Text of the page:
doi:10.1007/s10162-011-0293-0
PMCID: PMC3254721  PMID: 21969022
auditory prosthesis; pulse rate; guinea pig; temporal acuity; forward masking
11.  Auditory Cortex Spatial Sensitivity Sharpens During Task Performance 
Nature neuroscience  2010;14(1):108-114.
Activity in the primary auditory cortex (A1) is known to be essential for normal sound localization behavior, yet previous studies of the spatial sensitivity of neurons in A1 have found surprisingly broad spatial tuning. We tested the hypothesis that spatial tuning sharpens when an animal engages in an auditory task. Cats performed a task that required evaluation of the locations of sounds and another that required active listening but in which sound location was irrelevant. Some 26–44% of the units recorded in A1 showed significantly sharpened spatial tuning during the behavioral tasks compared to idle conditions, with greatest sharpening during the location-relevant task. Spatial sharpening occurred on a scale of tens of seconds and could be replicated multiple times within ~1.5-hr test sessions. Sharpening resulted primarily from increased suppression of responses to sounds at least-preferred locations. That and an observed increase in latencies suggest an important role of inhibitory mechanisms.
doi:10.1038/nn.2713
PMCID: PMC3076022  PMID: 21151120
12.  COCHLEAR IMPLANT ELECTRODE CONFIGURATION EFFECTS ON ACTIVATION THRESHOLD AND TONOTOPIC SELECTIVITY 
Hearing research  2007;235(1-2):23-38.
The multichannel design of contemporary cochlear implants (CIs) is predicated on the assumption that each channel activates a relatively restricted and independent sector of the deaf auditory nerve array, just as a sound within a restricted frequency band activates a restricted region of the normal cochlea The independence of CI channels, however, is limited; and the factors that determine their independence, the relative overlap of the activity patterns that they evoke, are poorly understood. In this study, we evaluate the spread of activity evoked by cochlear implant channels by monitoring activity at 16 sites along the tonotopic axis of the guinea pig inferior colliculus (IC). “Spatial tuning curves” (STCs) measured in this way serve as an estimate of activation spread within the cochlea and the ascending auditory pathways. We contrast natural stimulation using acoustic tones with two kinds of electrical stimulation either (1) a loose fitting banded array consisting of a cylindrical silicone elastomer carrier with a linear series of ring contacts; or (2) a space-filling array consisting of a tapered silicone elastomer carrier that is designed to fit snugly into the guinea pig scala tympani with a linear series of ball contacts positioned along it Spatial tuning curves evoked by individual acoustic tones, and by activation of each contact of each array as a monopole, bipole or tripole were recorded. Several channel configurations and a wide range of electrode separations were tested for each array, and their thresholds and selectivity were estimated.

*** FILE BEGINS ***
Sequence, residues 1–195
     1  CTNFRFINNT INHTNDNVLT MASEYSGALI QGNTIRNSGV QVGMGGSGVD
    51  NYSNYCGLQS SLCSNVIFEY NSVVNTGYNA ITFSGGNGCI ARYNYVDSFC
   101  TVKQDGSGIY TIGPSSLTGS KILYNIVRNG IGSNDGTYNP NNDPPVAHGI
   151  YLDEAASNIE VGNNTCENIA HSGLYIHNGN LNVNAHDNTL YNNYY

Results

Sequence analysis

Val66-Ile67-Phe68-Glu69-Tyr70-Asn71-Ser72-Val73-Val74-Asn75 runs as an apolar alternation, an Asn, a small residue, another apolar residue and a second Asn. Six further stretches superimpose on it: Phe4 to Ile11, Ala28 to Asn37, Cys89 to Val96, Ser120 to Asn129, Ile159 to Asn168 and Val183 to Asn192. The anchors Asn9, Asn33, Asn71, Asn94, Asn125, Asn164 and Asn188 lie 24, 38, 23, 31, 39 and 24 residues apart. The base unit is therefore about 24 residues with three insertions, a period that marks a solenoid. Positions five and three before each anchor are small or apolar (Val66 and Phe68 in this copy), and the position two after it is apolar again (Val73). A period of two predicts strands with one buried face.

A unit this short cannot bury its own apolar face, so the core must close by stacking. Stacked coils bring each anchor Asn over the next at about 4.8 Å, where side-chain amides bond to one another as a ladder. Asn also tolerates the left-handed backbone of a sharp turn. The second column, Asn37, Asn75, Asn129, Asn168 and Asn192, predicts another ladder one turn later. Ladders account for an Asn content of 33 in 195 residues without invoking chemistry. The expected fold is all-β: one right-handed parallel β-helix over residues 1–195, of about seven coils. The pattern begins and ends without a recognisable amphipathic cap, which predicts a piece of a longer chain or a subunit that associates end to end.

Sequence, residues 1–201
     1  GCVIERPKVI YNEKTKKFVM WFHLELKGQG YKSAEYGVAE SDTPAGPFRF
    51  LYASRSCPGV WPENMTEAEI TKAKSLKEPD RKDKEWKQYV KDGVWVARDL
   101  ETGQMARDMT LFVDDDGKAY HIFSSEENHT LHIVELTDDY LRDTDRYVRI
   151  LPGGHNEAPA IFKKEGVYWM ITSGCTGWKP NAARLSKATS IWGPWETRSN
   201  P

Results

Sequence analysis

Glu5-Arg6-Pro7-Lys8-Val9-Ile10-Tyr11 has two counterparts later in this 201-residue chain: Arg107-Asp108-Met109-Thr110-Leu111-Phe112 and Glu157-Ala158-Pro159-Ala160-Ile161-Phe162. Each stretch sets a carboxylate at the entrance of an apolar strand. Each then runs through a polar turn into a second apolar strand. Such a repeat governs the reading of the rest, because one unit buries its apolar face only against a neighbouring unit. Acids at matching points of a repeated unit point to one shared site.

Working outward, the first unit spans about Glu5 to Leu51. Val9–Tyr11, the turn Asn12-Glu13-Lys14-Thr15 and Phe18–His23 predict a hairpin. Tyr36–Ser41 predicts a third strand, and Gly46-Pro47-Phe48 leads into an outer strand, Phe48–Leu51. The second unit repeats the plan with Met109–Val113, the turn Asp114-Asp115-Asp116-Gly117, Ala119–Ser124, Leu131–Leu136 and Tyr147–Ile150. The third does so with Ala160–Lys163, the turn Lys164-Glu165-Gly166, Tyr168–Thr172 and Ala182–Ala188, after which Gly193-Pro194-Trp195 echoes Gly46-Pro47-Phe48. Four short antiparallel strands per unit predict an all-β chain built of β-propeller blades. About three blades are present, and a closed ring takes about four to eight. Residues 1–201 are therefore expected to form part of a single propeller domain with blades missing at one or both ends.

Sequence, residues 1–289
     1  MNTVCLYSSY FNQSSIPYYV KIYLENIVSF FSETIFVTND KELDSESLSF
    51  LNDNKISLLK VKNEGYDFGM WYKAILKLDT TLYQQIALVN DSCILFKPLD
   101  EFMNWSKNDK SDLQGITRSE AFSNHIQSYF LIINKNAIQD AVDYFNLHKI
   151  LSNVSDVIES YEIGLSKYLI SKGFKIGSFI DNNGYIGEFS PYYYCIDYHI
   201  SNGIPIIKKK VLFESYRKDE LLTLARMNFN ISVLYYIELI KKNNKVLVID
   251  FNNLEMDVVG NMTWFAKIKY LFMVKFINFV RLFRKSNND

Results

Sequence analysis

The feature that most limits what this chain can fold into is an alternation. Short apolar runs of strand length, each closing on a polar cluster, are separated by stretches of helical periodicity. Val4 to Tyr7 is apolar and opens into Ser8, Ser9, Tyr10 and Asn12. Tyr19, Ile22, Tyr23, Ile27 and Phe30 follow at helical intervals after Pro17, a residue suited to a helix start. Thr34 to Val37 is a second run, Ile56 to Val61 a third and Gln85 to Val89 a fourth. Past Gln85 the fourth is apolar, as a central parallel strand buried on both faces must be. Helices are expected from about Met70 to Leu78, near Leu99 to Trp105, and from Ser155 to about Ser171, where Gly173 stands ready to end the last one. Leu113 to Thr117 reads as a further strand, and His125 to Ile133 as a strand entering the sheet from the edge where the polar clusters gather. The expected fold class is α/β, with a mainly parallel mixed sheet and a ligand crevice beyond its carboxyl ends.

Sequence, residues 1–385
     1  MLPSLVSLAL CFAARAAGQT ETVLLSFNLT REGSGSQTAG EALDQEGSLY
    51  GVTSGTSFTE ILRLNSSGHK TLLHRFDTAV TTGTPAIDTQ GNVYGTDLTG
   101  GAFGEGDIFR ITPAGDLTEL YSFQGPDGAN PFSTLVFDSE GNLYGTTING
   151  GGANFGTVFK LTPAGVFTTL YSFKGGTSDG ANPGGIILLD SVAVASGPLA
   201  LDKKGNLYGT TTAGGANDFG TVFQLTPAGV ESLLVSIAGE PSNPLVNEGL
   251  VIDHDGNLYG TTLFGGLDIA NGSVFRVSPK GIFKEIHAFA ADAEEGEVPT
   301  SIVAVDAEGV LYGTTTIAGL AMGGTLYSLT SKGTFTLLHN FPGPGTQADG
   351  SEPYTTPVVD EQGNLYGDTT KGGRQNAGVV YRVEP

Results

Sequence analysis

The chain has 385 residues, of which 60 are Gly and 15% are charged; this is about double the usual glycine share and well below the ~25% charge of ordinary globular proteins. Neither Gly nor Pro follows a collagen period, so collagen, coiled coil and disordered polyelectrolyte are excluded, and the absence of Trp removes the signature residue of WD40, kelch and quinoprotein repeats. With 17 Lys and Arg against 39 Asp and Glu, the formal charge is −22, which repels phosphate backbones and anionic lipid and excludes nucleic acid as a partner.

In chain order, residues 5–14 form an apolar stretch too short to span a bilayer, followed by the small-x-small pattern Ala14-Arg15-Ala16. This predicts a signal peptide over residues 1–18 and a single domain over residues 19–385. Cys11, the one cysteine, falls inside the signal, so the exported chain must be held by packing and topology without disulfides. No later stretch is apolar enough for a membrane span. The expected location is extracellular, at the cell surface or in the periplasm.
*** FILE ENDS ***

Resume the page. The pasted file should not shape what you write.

The results indicate that the tapered space-filling arrays evoked more restricted activity patterns at lower thresholds than did the banded arrays. Monopolar stimulation (one intracochlear contact activated with an extracochlear return) using either array evoked broad activation patterns that involved the entire recording array at current levels < 6dB SL, but at relatively low thresholds. Bi- and tripolar configurations of both array types evoked more restricted activity patterns, but their thresholds were higher than those of monopolar configurations. Bipolar and tripolar configurations with closely spaced contacts evoked activity patterns that were comparable to those evoked by pure tones. As the spacing of bipolar electrodes was increased (separations > 1 mm), the activity patterns became broader and evoked patterns with two distinct threshold minima, one associated with each contact.
doi:10.1016/j.heares.2007.09.013
PMCID: PMC2387102  PMID: 18037252
Cochlear implant; cochlear prosthesis; deafness; auditory nervous system; multichannel recording; auditory prosthesis; inferior colliculus
13.  Auditory Prosthesis with a Penetrating Nerve Array